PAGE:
case $1 in
            system   )   bclass="system" ;;
            world   )   bclass="world" ;;
            help   )   print_help ;;
            resume   )   resume="yes" ;;
            nc       )   nc="yes" ;;
            failed   )   failed="yes";;
            ignore-default-opts) largs="ignore-default-opts" ;;
            exclude )   shift
                     while [[ $1 != "" ]]; do
                        if [ "$exclud" == "catsisrats" ]; then
                           exclud="$1"
                        else
                           exclud="$1|$exclud"
                        fi
                        # adding exclude_list for greping of pkg's
                        exclude_list="$exclude_list $1"
                        shift
                     done;;
            version )   version_info ;;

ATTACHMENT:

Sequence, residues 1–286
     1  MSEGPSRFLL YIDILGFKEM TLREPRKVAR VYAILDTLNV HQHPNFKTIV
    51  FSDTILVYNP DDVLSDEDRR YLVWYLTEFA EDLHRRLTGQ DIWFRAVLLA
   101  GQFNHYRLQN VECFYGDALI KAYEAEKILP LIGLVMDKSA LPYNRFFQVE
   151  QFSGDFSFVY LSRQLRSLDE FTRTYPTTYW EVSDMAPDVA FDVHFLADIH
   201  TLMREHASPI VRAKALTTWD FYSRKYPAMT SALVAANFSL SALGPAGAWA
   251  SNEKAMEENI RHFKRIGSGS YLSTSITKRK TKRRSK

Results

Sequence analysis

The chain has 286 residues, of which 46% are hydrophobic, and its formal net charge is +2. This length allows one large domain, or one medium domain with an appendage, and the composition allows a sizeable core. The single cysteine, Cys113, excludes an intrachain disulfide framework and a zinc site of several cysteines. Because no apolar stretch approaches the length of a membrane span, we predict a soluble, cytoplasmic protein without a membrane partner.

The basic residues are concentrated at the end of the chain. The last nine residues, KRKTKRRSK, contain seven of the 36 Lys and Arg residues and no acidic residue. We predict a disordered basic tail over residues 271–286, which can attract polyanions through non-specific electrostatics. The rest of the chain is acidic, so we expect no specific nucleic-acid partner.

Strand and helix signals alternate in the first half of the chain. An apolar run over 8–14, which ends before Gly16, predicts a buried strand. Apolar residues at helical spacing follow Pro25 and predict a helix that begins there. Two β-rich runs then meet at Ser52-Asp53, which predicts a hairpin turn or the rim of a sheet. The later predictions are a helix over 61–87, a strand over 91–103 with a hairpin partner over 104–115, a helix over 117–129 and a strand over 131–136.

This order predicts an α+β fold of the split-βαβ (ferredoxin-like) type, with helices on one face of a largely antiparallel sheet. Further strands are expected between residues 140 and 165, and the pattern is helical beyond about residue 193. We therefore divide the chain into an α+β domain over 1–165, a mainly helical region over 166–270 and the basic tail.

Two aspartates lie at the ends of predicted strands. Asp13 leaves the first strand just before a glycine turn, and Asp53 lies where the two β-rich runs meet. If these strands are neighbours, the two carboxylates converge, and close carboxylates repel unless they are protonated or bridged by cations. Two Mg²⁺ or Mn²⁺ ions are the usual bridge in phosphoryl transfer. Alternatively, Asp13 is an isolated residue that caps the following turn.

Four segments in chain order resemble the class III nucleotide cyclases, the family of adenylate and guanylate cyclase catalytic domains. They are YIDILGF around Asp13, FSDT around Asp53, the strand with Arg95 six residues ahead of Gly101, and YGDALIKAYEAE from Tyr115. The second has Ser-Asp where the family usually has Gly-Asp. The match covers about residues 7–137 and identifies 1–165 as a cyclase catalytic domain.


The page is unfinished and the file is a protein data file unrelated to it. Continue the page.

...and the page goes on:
* )   echo ${RD}"$OPT is not a valid long flag" ; exit 1 ;;
         esac
      fi

       while getopts "1bDefgGhKkNpqrSWstuwVX*" OPT; do
         case $OPT in
            s ) bclass="system" ;;
            w ) bclass="world" ;;
            D ) eargs="${eargs}${OPT}" ;;
            e ) eargs="${eargs}${OPT}" ;;
            N ) eargs="${eargs}${OPT}" ;;
            u ) eargs="${eargs}${OPT}" ;;
            g ) eargs="${eargs}${OPT}" ;;
            G ) eargs="${eargs}${OPT}" ;;
            k ) eargs="${eargs}${OPT}" ;;
            K ) eargs="${eargs}${OPT}" ;;
            q ) eargs="${eargs}${OPT}" ; quite="q";;
            1 ) tc_once="yes" ;;
            h ) print_help ;;